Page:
If I were a sensationalist, I would begin this post with the following attention-grabbing headline:
Liberace's Cousin Stabbed Me in the Neck Six Times
And it would be true. :)
On the other hand, I could calmly say it this way:
I went to the hospital today for the ultrasound and biopsy of my thyroid.
And that is also true. :)
I was scheduled to be at the hospital at 6:45 this morning, which is way earlier than I normally get out of bed. As a result, I didn't sleep very soundly. You know how it is: when you know you have to get up earlier than usual the next day, even if you have an alarm set, you still sleep lightly--waking often to check the clock and see what time it is, wondering if the alarm clock will really go off when it should, hoping that you haven't already overslept and missed your appointment. It's crazy.
When the time really did come for me to get up, I was so warm and snug in my nest of flannel sheets and cozy blankets that I just did not want to get out of bed; but since I couldn't figure out a way to avoid the inevitable, I finally got up and quickly got ready. It's been COLD here recently, and it even snowed during the night, but there wasn't very much on the ground and the main road was clear and besides, Jeff was driving, so there was nothing to worry about. After our next-door-neighbor arrived to stay with the kids, we headed out.
Looking back, I was glad to have such an early appointment. It was fairly peaceful to be driving to the hospital in the dark with not as many people out and about as normally are during daylight hours. Plus, I knew that back at home, the kids would all likely still be sleeping, thus making it as easy as pie for our babysitter to care for all five of them.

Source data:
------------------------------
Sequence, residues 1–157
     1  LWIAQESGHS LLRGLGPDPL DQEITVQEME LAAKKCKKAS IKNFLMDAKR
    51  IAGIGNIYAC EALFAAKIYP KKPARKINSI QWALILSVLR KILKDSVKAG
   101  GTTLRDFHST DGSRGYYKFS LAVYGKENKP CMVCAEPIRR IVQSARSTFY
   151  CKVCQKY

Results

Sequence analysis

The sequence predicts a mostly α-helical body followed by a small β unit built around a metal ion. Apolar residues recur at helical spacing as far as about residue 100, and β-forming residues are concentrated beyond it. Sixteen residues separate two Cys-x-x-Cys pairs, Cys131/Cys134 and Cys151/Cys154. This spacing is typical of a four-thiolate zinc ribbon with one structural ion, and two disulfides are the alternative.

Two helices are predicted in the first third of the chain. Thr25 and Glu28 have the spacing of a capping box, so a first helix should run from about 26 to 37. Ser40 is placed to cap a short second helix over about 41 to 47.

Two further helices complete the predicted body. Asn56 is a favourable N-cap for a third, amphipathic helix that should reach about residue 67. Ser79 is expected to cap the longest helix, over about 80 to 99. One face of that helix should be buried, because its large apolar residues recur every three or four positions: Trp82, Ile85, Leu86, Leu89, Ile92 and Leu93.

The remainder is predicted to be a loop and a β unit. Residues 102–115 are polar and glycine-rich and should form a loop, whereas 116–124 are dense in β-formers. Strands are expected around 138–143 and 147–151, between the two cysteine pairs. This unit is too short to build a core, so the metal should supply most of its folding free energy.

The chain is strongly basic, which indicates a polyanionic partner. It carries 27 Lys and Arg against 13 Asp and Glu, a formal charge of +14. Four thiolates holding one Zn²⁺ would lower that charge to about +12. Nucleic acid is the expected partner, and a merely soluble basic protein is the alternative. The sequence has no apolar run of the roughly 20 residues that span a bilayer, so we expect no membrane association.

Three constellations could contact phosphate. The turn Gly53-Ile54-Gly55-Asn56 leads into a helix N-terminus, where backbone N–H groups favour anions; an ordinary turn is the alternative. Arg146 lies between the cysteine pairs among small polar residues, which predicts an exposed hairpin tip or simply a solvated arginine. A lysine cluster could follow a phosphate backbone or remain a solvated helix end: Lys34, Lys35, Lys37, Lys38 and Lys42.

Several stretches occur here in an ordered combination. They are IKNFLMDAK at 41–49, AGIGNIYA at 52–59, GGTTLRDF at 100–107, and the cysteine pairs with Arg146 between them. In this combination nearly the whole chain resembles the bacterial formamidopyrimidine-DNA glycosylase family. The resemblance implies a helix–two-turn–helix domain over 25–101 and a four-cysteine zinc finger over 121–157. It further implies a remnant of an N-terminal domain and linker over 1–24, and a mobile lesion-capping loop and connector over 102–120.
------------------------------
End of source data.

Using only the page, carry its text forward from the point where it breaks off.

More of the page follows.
Our town built a new hospital within the past couple of years, and they did a good job of it. Where once was a farmer's field now stands a medical complex that is thriving. Of course, the buildings by themselves are worthless; it's really the people that make it special, and I was so impressed today by how each of the medical personnel I encountered were quick to explain to me what was going on and what I could expect. Because this procedure was brand new for me, I truly appreciated their thoughtfulness in taking the time to verbalize to me what must undoubtedly be second-nature for them.
We didn't have to wait very long before I was taken back and the preliminary stuff done: blood pressure, temperature, etc. Then an ultrasound technician came to get me and took me into the room to do a preliminary scan of my thyroid. Even though the nodule is on my left thyroid, she checked the right side as well but spent more time on the left. She worked quickly and (from what I could tell) efficiently and thoroughly. As a matter of fact, she worked almost as quickly as she talked. ;-) Let's just say that I know more about her now than I ever expected to know. :)
After she finished her scan, she took me back to another room where I waited with Jeff, then after a little while, it was time for The Real Deal. Jeff went off to the waiting room to drink coffee (and try to stay awake?), and I was taken back to the ultrasound room where I waited to meet the radiologist who would do the biopsy. And we began.
One needle prick to numb the area...I felt it, but it wasn't bad at all.
Another needle prick (to test whether it was really numb, I guess?)...didn't feel it.
Then the biopsy itself started. I was told that it was normal to have to do it two to four times to make sure that enough of the right fluid or cells or something was drawn out. After the doctor used the needle to get some, he took it over to a pathologist (Dr. Bannister) who looked at it under the microscope and determined whether another take was needed.